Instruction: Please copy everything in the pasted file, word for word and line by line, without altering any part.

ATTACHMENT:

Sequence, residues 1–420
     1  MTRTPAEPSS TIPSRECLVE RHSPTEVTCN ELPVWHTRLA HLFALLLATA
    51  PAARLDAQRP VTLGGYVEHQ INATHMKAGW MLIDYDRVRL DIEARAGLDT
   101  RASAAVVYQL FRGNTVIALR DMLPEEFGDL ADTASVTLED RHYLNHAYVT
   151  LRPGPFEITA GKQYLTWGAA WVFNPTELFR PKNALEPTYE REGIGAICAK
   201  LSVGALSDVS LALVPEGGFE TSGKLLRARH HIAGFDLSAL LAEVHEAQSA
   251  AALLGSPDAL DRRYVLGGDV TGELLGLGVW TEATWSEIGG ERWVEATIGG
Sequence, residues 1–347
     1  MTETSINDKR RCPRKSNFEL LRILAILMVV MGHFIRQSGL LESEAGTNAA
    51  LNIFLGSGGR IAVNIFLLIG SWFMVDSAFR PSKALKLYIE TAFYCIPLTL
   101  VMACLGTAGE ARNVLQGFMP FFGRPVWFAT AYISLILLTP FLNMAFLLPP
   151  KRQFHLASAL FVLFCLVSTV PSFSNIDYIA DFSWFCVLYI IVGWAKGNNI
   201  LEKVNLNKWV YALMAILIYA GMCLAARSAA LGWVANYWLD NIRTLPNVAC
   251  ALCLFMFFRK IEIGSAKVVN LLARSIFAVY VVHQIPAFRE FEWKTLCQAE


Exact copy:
Sequence, residues 1–420
     1  MTRTPAEPSS TIPSRECLVE RHSPTEVTCN ELPVWHTRLA HLFALLLATA
    51  PAARLDAQRP VTLGGYVEHQ INATHMKAGW MLIDYDRVRL DIEARAGLDT
   101  RASAAVVYQL FRGNTVIALR DMLPEEFGDL ADTASVTLED RHYLNHAYVT
   151  LRPGPFEITA GKQYLTWGAA WVFNPTELFR PKNALEPTYE REGIGAICAK
   201  LSVGALSDVS LALVPEGGFE TSGKLLRARH HIAGFDLSAL LAEVHEAQSA
   251  AALLGSPDAL DRRYVLGGDV TGELLGLGVW TEATWSEIGG ERWVEATIGG
Sequence, residues 1–347
     1  MTETSINDKR RCPRKSNFEL LRILAILMVV MGHFIRQSGL LESEAGTNAA
    51  LNIFLGSGGR IAVNIFLLIG SWFMVDSAFR PSKALKLYIE TAFYCIPLTL
   101  VMACLGTAGE ARNVLQGFMP FFGRPVWFAT AYISLILLTP FLNMAFLLPP
   151  KRQFHLASAL FVLFCLVSTV PSFSNIDYIA DFSWFCVLYI IVGWAKGNNI
   201  LEKVNLNKWV YALMAILIYA GMCLAARSAA LGWVANYWLD NIRTLPNVAC
   251  ALCLFMFFRK IEIGSAKVVN LLARSIFAVY VVHQIPAFRE FEWKTLCQAE